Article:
Natural disasters of the magnitude of the Mexico City earthquake inevitably generate changes far beyond their immediate zone of death and destruction. The 1972 earthquake in Nicaragua that leveled Managua spotlighted the corruption of the Somoza dictatorship and contributed to its eventual downfall. In the aftermath of the 1976 earthquake that left 25,000 dead in Guatemala, people learned to organize themselves and in turn became able to confront military rule for the first time.
It is too early to identify long-term effects of the Sept. 19 earthquake. But as somber reality settles over Mexico, as heroes are lauded and questions about preparedness and response are raised, we who are fortunate to have not directly experienced this tragedy have a unique opportunity to contribute to lasting, positive change.
We can continue to target assistance that will be needed long after images of suffering fade from public consciousness and media focus--unglamorous things like construction equipment and tools. Even more significant, we can renew our commitment, as individuals and as a government, to strengthening relations with our southern neighbors.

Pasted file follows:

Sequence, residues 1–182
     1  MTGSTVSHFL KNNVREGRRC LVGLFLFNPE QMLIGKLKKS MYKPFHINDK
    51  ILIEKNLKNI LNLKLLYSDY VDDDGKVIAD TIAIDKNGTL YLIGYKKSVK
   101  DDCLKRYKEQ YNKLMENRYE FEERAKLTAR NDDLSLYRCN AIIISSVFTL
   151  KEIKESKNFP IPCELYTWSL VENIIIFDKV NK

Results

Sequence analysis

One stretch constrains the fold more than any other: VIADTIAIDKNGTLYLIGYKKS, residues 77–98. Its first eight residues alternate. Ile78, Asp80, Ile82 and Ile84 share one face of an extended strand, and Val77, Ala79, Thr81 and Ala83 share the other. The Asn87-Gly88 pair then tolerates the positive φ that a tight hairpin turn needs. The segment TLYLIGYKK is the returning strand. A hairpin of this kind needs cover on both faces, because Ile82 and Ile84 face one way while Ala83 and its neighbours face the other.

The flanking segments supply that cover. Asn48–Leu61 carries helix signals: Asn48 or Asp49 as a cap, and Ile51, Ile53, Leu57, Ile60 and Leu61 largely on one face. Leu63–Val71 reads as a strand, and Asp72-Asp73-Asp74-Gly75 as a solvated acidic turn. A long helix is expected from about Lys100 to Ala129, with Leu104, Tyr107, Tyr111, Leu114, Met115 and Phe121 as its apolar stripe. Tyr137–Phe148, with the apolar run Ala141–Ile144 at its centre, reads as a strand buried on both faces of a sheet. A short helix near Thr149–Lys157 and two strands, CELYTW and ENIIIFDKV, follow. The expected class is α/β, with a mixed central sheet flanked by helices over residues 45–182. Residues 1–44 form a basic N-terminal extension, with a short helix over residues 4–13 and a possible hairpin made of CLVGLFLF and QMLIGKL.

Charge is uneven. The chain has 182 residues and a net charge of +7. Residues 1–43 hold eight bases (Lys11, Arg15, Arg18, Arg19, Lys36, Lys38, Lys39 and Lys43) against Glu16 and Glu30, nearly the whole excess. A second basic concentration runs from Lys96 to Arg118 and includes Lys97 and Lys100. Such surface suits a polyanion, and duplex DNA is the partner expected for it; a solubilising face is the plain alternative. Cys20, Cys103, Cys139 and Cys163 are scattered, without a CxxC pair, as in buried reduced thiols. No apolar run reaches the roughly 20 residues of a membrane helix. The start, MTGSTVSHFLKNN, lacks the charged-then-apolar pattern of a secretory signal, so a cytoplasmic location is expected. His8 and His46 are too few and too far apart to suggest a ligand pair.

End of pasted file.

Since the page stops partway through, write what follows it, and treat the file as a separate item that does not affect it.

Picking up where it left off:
Coming on the heels of a denial of International Monetary Fund loans and hours after the Senate approved sanctions against employers hiring undocumented workers (many of whom are Mexican), the earthquake tragically accented how such complex problems as immigration and the mounting debt owed the United States continue to be confronted without ongoing and comprehensive input from Mexico. What better goal to set for our countries than the development of an enduring binational understanding and respect, of the sort that would have enabled an immediate request for and mobilization of rescue specialists, when hours mattered in the saving of human lives.